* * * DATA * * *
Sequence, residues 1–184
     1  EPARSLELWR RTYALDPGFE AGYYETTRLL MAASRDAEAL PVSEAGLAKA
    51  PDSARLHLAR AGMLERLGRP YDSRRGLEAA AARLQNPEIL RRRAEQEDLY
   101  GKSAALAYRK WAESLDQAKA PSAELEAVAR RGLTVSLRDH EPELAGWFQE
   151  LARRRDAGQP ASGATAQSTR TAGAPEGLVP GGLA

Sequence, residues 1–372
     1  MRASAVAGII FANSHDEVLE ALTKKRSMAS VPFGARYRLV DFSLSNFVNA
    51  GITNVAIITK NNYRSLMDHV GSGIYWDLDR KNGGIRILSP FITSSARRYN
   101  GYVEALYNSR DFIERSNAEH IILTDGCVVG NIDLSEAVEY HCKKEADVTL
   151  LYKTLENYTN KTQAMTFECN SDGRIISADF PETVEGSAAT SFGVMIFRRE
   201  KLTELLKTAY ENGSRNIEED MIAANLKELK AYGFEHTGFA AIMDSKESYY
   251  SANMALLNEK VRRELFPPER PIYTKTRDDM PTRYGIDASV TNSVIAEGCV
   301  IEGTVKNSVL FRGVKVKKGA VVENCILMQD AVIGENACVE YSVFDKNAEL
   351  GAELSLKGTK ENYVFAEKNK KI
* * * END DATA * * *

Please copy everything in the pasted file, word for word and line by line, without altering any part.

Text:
Sequence, residues 1–184
     1  EPARSLELWR RTYALDPGFE AGYYETTRLL MAASRDAEAL PVSEAGLAKA
    51  PDSARLHLAR AGMLERLGRP YDSRRGLEAA AARLQNPEIL RRRAEQEDLY
   101  GKSAALAYRK WAESLDQAKA PSAELEAVAR RGLTVSLRDH EPELAGWFQE
   151  LARRRDAGQP ASGATAQSTR TAGAPEGLVP GGLA

Sequence, residues 1–372
     1  MRASAVAGII FANSHDEVLE ALTKKRSMAS VPFGARYRLV DFSLSNFVNA
    51  GITNVAIITK NNYRSLMDHV GSGIYWDLDR KNGGIRILSP FITSSARRYN
   101  GYVEALYNSR DFIERSNAEH IILTDGCVVG NIDLSEAVEY HCKKEADVTL
   151  LYKTLENYTN KTQAMTFECN SDGRIISADF PETVEGSAAT SFGVMIFRRE
   201  KLTELLKTAY ENGSRNIEED MIAANLKELK AYGFEHTGFA AIMDSKESYY
   251  SANMALLNEK VRRELFPPER PIYTKTRDDM PTRYGIDASV TNSVIAEGCV
   301  IEGTVKNSVL FRGVKVKKGA VVENCILMQD AVIGENACVE YSVFDKNAEL
   351  GAELSLKGTK ENYVFAEKNK KI